Modified E1A Constructs as a Novel Therapeutic Composition and Method for Stimulating the Immune System to Fight Cancer and Infectious Diseases
Tech ID: 02-09
The development of immunotherapeutic approaches to bolster tumor-specific responses is a major focus of immunology today. However, a major hurdle is the relatively low immunogenicity of tumor antigens. National Jewish Health researchers have developed and tested a novel therapeutic composition and method for stimulating the immune system to fight cancer and infectious diseases. They have defined the molecular basis for the high immunogenicity of E1A and have used this knowledge to develop a mutated form of E1A that is non-transforming and highly immunogenic (strong Th1 immune response is obtained). The mutated form of E1A can be used to enhance immunogenicity of any antigen by coexpressing the tumor antigen with the mutant form of E1A.
Therapy for cervical cancers and melanomas (possibly other tumor types) Therapy for bacterial or viral infections such as HIV-1, hepatitis B and hepatitis C.
Advantages of Invention
The construct is non-transforming, immunogenic and anti-oncogenic. There are a number of different methods to coordinately express the mutant form of E1A and a tumor antigen, such as the construction of a chimeric gene coding for a fusionprotein consisting of E1A and the tumor antigen, a bicistronic vector that expresses E1A and a tumor antigen or recombinant adenovirus expressing E1A and a tumor antigen.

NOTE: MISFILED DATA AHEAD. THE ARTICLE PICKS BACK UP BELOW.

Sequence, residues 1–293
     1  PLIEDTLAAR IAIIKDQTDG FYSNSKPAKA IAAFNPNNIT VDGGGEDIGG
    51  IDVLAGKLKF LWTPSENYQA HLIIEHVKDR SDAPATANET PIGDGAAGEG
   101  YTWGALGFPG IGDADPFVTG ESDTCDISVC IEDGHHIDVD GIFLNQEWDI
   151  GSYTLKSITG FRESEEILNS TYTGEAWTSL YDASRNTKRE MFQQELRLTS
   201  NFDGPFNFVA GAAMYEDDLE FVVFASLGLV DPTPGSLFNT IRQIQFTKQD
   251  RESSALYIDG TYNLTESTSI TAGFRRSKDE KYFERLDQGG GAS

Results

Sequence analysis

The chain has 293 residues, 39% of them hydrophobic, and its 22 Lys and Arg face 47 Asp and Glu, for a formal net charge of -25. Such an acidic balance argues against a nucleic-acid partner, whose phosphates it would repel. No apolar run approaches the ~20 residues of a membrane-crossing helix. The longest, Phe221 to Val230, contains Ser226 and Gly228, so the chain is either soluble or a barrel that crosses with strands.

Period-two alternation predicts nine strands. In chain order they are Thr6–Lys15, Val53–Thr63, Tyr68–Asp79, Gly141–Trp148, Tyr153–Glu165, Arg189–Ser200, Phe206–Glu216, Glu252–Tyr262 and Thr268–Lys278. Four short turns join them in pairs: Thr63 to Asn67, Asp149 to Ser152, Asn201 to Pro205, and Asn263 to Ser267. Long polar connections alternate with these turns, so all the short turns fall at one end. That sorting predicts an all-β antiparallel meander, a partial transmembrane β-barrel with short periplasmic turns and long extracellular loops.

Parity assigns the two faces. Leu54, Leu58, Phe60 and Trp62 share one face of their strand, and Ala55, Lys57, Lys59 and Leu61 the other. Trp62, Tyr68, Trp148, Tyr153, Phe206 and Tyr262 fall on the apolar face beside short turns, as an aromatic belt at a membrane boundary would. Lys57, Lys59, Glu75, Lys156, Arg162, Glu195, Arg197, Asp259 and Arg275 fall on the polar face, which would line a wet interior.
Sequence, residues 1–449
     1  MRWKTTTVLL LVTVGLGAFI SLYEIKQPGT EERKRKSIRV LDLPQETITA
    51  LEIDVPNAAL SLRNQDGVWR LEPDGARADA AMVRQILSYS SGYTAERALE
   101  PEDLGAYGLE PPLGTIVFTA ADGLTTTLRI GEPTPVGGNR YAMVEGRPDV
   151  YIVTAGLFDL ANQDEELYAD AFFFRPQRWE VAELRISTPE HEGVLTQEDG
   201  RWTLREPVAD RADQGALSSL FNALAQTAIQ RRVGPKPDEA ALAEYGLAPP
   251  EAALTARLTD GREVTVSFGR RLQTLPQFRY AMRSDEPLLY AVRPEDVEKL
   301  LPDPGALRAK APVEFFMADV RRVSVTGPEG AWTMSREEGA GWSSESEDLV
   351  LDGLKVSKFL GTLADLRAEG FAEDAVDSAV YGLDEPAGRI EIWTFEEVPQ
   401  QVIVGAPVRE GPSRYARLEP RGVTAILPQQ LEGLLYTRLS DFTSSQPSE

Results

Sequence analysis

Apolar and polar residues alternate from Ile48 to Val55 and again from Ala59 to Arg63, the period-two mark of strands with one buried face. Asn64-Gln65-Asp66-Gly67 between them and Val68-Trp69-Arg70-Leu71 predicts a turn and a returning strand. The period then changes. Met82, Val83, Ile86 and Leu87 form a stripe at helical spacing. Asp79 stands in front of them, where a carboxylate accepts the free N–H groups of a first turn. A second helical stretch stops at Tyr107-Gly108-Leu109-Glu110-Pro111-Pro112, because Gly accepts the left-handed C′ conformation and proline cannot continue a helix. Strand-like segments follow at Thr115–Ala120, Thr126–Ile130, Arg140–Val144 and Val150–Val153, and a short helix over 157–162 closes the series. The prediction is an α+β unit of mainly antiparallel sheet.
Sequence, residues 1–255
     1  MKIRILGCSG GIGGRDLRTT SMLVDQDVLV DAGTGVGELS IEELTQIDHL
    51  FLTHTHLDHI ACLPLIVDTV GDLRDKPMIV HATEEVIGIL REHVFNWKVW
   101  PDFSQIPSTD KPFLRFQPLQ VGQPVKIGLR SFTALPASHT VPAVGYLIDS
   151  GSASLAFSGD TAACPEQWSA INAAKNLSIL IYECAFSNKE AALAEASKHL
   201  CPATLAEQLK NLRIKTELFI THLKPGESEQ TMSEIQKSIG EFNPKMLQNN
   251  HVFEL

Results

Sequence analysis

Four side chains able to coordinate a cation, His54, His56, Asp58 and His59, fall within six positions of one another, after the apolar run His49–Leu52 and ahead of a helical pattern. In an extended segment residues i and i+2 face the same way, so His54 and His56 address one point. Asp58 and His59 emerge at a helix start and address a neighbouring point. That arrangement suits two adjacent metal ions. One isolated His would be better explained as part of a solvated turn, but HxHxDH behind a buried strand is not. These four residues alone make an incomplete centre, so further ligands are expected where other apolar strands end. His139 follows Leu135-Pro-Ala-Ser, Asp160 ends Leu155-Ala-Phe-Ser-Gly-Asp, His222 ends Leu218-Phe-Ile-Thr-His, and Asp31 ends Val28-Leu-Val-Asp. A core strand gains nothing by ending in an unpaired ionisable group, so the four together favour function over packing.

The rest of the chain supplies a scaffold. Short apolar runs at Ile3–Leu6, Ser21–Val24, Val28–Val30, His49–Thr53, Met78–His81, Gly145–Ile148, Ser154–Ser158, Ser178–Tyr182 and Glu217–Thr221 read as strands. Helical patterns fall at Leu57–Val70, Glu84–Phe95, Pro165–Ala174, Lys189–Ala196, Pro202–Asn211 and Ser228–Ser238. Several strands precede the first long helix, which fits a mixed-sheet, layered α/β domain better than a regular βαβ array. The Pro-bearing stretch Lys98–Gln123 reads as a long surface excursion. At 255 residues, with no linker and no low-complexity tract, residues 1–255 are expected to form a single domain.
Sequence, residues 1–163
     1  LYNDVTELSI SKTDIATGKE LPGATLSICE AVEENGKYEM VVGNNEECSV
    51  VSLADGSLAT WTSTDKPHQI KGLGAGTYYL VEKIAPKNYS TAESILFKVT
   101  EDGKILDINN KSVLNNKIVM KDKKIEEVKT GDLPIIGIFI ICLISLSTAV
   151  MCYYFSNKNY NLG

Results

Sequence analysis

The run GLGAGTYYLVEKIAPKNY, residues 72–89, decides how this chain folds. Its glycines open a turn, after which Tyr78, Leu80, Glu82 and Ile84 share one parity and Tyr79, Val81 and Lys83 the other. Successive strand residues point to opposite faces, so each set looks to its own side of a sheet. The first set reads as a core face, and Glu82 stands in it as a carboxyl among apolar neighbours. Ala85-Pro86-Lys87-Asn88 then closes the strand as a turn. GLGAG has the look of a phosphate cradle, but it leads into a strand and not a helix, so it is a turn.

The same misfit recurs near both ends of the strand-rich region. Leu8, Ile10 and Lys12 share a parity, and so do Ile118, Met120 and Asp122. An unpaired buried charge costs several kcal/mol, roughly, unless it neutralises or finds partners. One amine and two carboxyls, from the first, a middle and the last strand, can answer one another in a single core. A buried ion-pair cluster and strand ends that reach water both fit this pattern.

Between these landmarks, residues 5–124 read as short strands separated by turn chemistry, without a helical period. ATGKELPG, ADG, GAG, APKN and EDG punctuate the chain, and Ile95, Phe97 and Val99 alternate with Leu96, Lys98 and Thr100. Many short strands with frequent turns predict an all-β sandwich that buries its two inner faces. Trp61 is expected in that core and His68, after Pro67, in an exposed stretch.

State of Development
National Jewish Health scientist has shown that: 1) expression of the mutated E1A inhibits baseline TGF-â production in tumor cells; and 2) expression of the mutated E1A inhibits production of TGF-â and reduces the expression of phosphatidylserine receptor (PSR) on tumor cells. 3) expression of the mutated E1A decreases HSP70 expression 4) In MCA tumor cells inefficiently induce E1A- specific cytotoxic T lymphocytes. 5) expression of a nucleic acid molecule encoding a mutated E1A protein-antigen chimera sensitized tumor cells to lysis by activated macrophages.
Published U.S. Patent Application # 20040191761; Published International Patent Application WO 2004087886.
Routes, et al. J Exp Med. 2005 Dec 5;202(11):1477-82.
John M. Routes, MD
This technology is available for licensing.
For Further Information, Contact:
Emmanuel Hilaire, PhD
Technology Transfer Office
National Jewish Health
1400 Jackson Street, Room M206b
Denver, CO 80206
Voice: (303) 398-1262
Fax: (303) 270-2352